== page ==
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The X-Files: Season 10 (IDW) #6-7 – Hosts (Review)

This June, we’re going to be taking a look at the current run of The X-Files, beginning with the IDW comic book revival and perhaps taking some detours along the way. Check back daily for the latest review.

Balance was always going to be an issue for The X-Files: Season 10, even in a purely logistical sense.

At its peak, The X-Files was churning out twenty-six episodes in a season. Of those, maybe a third would be mythology episodes and the rest would be standalone monster of the week stories. As a result, the show could find the time to balance earth-shaking mythology episodes like Paper Clip, Nisei, 731 and Talitha Cumi with brilliant episodic television like Clyde Bruckman’s Final ReposeOublietteGrotesquePusher and Jose Chung’s “From Outer Space.” Part of the appeal of The X-Files was always striking that balance.

No Fluke.

No Fluke.

That is not really possible with a conventional comic book release schedule. Comic books are released once a month, limiting the creative team to twelve issues in a given year. They might also get an annual, if the comic is popular. Given modern comic book narrative conventions and the lower page counts of modern comics, “done-in-one” standalone stories are increasingly uncommon. At best, it seems like a creative team might get away with seven stories in a year, six two-parters and an annual.

This causes issues in structuring a comic book season of The X-Files. Quite cleverly, The X-Files: Season 10 runs for twenty-five issues, evoking the length of a classic television season. However, it tells far fewer stories, with the run dominated by epic sprawling mythology stories like the five-part Believers, the five-part Pilgrims and the five-part Elders. That is three-fifths of the “season” given over to three mythology stories. It is no wonder that the rest of the run feels so compressed.

Worming his way back to you...

Worming his way back to you…

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The X-Files – The Host (Review)

This August (and a little of September), we’re taking a trip back in time to review the second season of The X-Files. In November, we’ll be looking at the third season. And maybe more.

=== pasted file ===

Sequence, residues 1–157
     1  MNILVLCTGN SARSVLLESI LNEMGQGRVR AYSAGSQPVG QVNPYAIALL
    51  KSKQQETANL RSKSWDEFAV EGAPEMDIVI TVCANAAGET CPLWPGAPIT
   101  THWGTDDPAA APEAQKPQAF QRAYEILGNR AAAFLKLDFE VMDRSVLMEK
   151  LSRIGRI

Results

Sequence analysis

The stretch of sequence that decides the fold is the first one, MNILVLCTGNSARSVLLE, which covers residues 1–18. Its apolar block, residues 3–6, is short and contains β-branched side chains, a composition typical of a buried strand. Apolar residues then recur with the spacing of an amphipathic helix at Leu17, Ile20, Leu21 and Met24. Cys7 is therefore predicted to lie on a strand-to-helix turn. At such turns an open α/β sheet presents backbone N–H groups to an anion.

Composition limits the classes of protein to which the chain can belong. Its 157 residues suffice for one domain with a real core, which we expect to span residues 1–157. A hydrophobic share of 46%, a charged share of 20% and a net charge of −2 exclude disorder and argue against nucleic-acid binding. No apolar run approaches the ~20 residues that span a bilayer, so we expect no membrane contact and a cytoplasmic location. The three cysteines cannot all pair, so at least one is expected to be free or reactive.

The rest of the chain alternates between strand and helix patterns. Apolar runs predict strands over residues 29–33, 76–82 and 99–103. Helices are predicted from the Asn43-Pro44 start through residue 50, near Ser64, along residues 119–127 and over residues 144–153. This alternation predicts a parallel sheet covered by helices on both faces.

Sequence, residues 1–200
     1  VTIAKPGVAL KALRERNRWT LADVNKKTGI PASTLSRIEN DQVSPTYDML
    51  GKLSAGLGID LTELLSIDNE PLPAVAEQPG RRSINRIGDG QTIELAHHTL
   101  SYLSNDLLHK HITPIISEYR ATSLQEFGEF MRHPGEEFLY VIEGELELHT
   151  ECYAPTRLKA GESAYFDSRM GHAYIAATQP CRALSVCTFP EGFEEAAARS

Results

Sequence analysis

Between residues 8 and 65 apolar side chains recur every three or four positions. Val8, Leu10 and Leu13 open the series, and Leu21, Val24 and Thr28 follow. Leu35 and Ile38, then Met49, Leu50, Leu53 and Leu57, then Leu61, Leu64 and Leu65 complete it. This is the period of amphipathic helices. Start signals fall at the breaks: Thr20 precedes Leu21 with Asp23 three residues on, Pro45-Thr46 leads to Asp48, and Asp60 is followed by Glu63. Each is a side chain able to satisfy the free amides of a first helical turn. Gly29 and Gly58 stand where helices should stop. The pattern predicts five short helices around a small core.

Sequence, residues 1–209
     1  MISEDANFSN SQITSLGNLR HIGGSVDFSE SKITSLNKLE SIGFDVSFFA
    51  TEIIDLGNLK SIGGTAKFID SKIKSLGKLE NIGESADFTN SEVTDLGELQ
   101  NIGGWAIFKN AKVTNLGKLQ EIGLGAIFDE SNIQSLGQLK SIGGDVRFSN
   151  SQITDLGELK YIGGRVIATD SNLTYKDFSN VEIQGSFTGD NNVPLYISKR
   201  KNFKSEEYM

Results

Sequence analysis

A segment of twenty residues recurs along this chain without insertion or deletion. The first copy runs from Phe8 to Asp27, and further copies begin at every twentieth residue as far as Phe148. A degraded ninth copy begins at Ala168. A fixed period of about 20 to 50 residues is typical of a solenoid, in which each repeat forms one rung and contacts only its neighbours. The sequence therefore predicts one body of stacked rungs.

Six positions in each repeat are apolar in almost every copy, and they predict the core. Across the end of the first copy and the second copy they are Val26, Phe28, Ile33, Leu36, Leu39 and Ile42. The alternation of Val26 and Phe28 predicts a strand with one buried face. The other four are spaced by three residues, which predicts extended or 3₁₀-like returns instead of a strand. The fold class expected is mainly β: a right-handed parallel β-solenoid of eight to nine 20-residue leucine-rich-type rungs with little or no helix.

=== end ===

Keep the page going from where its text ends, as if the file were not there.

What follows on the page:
The Host and Little Green Men represent a fantastic one-two punch combination to open the second season of The X-Files. It’s very hard to think of two back-to-back standalone stories that most effectively sum up the show, capturing a lot of what makes the series so beautifully compelling and enduring. The two episodes are also quite surprising. It feels strange that Chris Carter didn’t write Little Green Men, given the importance of the premiere to the show. However, in light of that, it also feels strange that Carter did write The Host.

Working on The X-Files, Carter tends to gravitate towards “event” episodes. His name is frequently seen on episodes that push the show forward – in multiple senses. Carter is the architect of the show’s grand mythology, so his name pops up quite frequently on those scripts. However, Carter is also prone to write occasional “big” episodes of a given season. He wrote and directed The Post-Modern Prometheus and Triangle, for example, two of the more unique and distinctive episodes of the fifth and sixth seasons.

Through the looking glass...

Through the looking glass…

So, seeing Chris Carter’s name on the first “monster-of-the-week” of the new year rather than the all-important season premiere feels a little strange – particularly since The Host is an episode that seems a lot less ambitious than Little Green Men. After all, Little Green Men depicted Samantha Mulder’s abduction, revealed the show’s aliens and tried to make Vancouver look like Puerto Rico. In contrast, The Host is about an overgrown mutant worm.

And yet, perhaps that’s the point. The second season of The X-Files was a massively important year for the show. Along with the Fox Network itself, this was the year that The X-Files defined its own identity and really began to aggressively carve out a niche. The show did not make the top 100 shows of the 1993-1994 season, but almost reached the top 50 shows of the 1994-1995 season. That’s a meteoric rise, and the second season is very ruthlessly refining itself.

X marks the spot...

X marks the spot…

To describe The Host as a simple “monster-of-the-week” is to miss the point entirely. The show doesn’t exist yet another entry in a genre that the show established during its first year on the air. Instead, The Host is clearly constructed to be the monster-of-the-week episode. It’s an hour of television that is designed to get a reaction, to push buttons, to get people talking. This is an episode squarely aimed at anybody who heard the buzz over the summer hiatus and wanted to see what the fuss was about.

It works very well in this capacity. There is a reason that The Host as endured as a classic episode of The X-Files, packed with all manner of iconic and memorable imagery. Chris Carter constructed The Host as an example of what The X-Files does very well – and it’s a piece of science-fiction horror that sticks with people. It’s incredibly hard to forget. And that’s the beauty of it.

A monster mash-up...

A monster mash-up…

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